I saw yet another letter in the Los Alamos Daily Post where it looks like folks are still shouting past each other. So here goes. First, some caveats.
1. I don’t like the idea of piling more laws on people, but gun culture has changed. More households owned guns when I was young, but we didn’t have this “me too” movement of mass shootings. Plus, to borrow an analysis from Wake Forest University’s David Yamane, Gun Culture 1.0 was about gunsport and hunting. Gun Culture 2.0 is about self defense, i.e., shooting people. I think that transition has encouraged a violent outlook. So, if we can’t figure out how to keep people from going off the rails in today’s culture, we need to interdict them, so they derail without taking out their schools, churches, or government buildings.
Hence the need for ERPOs and watching for the Deadly Signs of Becoming Armed and Stupid.
2. The culture driving shootings is controlled by social mores (such as social media), drug violence, poverty driven crime, domestic violence, and suicidal urges in a nation where Social Darwinism has replaced social cohesion. The transfer of firearms from the legitimate to the illegitimate market, where all of the above motives result in their misuse, is inevitable in a nation with 1.2 guns for every person, but we need to make it harder to transition to that illegitimate market.
3. Today’s polarizing politics encourages us to see each other as not belonging to the same culture, to say nothing of the same nation. We stop taking each other’s advice and instead, bury ourselves in our political bubbles. That really explains a lot about what currently amounts to the gun non-debate. To say it’s not about the guns but about the people has a lot of truth to it, but clever sayings don’t solve the
problem. I think educational and social services, drug law reform, and economic justice are far more important than gun control but the left refuses to relent on gun control and the right has abandoned the social safety net. What can possibly go wrong?
Now, on to what was sent to the Santa Fe New Mexican.
To reduce gun violence, we need to find consensus solutions. Consensus is hard on such a polarized topic. Some suggestions follow.
Stop trying to ban guns. Bans on so-called assault rifles fly in the face of a half century of legal ownership. Millions are out there but they make up a very minor portion of shootings. The lion’s share of shootings, including multiple shootings, are committed with handguns.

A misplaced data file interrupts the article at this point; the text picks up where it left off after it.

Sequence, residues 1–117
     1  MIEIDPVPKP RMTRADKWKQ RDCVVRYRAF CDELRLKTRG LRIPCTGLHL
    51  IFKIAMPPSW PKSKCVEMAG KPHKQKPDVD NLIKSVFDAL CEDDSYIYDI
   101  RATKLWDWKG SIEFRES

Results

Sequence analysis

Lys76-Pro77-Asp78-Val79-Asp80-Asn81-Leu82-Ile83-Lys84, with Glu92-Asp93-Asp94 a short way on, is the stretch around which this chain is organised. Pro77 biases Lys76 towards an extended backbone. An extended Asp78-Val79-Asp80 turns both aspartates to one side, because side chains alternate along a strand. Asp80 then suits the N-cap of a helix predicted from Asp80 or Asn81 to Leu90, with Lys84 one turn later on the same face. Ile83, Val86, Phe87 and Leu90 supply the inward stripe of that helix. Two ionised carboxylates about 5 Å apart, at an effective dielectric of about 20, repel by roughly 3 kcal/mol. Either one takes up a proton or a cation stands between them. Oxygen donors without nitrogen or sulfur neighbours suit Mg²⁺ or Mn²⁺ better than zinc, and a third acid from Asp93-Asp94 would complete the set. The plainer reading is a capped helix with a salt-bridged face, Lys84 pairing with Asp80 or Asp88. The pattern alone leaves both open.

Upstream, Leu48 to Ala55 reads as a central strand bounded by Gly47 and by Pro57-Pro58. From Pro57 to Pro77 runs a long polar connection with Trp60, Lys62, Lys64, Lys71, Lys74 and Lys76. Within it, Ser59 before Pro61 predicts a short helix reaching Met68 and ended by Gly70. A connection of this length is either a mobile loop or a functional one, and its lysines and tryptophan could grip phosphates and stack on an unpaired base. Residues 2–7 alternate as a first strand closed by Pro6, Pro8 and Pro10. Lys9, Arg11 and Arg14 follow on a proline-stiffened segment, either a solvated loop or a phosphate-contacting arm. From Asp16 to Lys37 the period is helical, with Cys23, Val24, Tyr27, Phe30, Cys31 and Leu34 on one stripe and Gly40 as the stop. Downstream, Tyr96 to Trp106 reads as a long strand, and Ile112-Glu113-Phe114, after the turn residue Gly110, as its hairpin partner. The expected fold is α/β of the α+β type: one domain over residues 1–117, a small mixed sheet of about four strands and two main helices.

“Ars” are responsible for some high-profile carnage, but we can increase public safety well short of a ban.
We can require higher standards of ownership for modern, military style rifles or concealable handguns that put the public at greater risk. This could be done through progressive licensing and screening, as we presently do for automatic weapons or to screen motorists before letting them hop from a subcompact car to behind the wheel of a Mack Truck.
Rules should be clear, fair and not subject to arbitrary and capricious subjective interpretations. A lower bar should be set for owning low capacity firearms or handguns more at home in the woods. Storage requirements should reflect risk, such as if children are in a home.
Once we decide on categories of firearms with respect to risk, we can issue firearm owners ID cards (FOID) with a nationally-agreed on set of criteria for reciprocity. Each gun owner would have an ID card, similar to a driver’s license, that would allow the person to own and carry some or all categories of guns, openly or concealed, depending on the permit.
Of course, this means red and blue states have to compromise on the reciprocity criteria but in return, we could stop worrying about gun running between states with different levels of restrictions.
In such a system, private sales would be done by entering data into a computerized National Instant Background Check-like system with FOID card numbers, PINs, a gun serial number and gun description. An exchange could be approved remotely between previously cleared people based on their level of screening for the class of weapon exchanged.
Finally, stop moving the goalposts. The biggest, and often enough, legitimate fear that gun owners have is that the rules are too fluid and often the changes can be bewilderingly stupid. Want examples? Start with California or New Jersey, states that change their gun laws faster than most of us change our socks.
The Second Amendment provides an individual right for a public purpose, i.e., that “the people” could be called to arms in order to defend the nation and to prevent the unwarranted amassing of too much coercive power by government. The Supreme Court’s Heller decision explicitly recognized in the 2A an individual right to have a functional weapon for personal self-defense. The historical reasoning behind the 2A implies some standards need to be met among the people and imposes limitations on the power of government to regulate arms. There is a lot of middle ground that can be explored if we stop demanding all or nothing solutions.